Film dubbing Hello, I have a question that has bothered me for a long time but I didn't have anyone to ask it so I think someone here will know answer me. It's about dubbing in films. I'll give an example : When there's e.g. English film and characters are speaking English between each other but then they go e.g. to France and they speak in French. It's okay, in original the part where they speak French is with subtitles so we know what they're talking about. Buuut my quest is, If you are French and this whole film is dubbed into French and then there is the scene when they speak French (even in original) how is it made in French version? How is there shown that difference that they use different language? I hope you understood. I mean I'm from Slovakia and I don't know if there is a film where my native language is used in this situation so I think if you saw a film when your language is used that way you could explain it to me, please.
Nov 3, 2018 8:12 PM
Answers · 4
Well, I have enough experience working with video and audio that I am confident I can offer you some insight into this confusion you have. I lived near and worked in Hollywood for a time. When you are watching a professionally produced movie, the audio and the video were recorded separately. In post-production, the time period when all the editing takes place, the audio track is matched up to the video track. When movies are also dubbed in other languages, they simply replace the original audio track with the new audio track for the alternate language. Since the way the mouth moves is different for different languages, they cannot align the new audio track with mouth movement in the video track. Instead, they break down the scenes of the movie into smaller moments and try to match the general pace of the audio to those moments (known as beats). These new audio tracks are recorded by voice actors in recording studios, who use a script specially prepared in their language and the muted video footage (no audio). This allows the voice actors to match the pacing and vocal dynamics to the video as best they can using their own language.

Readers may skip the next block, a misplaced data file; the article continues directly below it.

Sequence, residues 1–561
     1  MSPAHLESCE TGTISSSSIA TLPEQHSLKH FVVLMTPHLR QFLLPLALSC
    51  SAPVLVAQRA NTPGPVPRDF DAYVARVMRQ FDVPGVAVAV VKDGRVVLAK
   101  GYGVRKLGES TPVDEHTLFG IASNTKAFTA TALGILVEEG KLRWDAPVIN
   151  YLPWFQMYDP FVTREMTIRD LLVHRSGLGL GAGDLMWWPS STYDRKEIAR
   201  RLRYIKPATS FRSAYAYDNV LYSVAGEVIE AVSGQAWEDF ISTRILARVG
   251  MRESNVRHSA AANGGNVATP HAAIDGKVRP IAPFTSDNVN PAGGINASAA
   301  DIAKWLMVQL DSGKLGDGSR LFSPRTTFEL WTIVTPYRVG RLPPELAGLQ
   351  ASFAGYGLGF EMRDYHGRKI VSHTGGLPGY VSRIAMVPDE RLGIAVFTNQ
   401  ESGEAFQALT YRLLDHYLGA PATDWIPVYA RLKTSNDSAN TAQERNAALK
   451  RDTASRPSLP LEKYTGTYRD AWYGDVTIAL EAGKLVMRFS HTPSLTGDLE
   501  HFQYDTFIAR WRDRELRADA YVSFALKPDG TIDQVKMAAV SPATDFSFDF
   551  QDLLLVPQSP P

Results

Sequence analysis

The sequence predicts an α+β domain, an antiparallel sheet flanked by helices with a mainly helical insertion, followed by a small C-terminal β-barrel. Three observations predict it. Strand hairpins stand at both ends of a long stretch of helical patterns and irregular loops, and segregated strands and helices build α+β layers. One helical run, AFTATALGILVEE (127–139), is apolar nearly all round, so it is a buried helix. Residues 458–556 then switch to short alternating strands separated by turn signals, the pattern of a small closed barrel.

November 3, 2018
Using French as the example: usually the whole film is 'dubbed' into French. If a principal character is bilingual, it would be very distressing to hear a different actor whenever they speak 'French'. For brief 'local colour' scenes with bit players speaking in 'French' it might sometimes be cheaper and simpler to use the original voice recordings, but it might not, e.g. for technical or commercial reasons. If the whole film is being dubbed anyway, the savings are minimal, and it potentially complicates things, so no.
November 3, 2018
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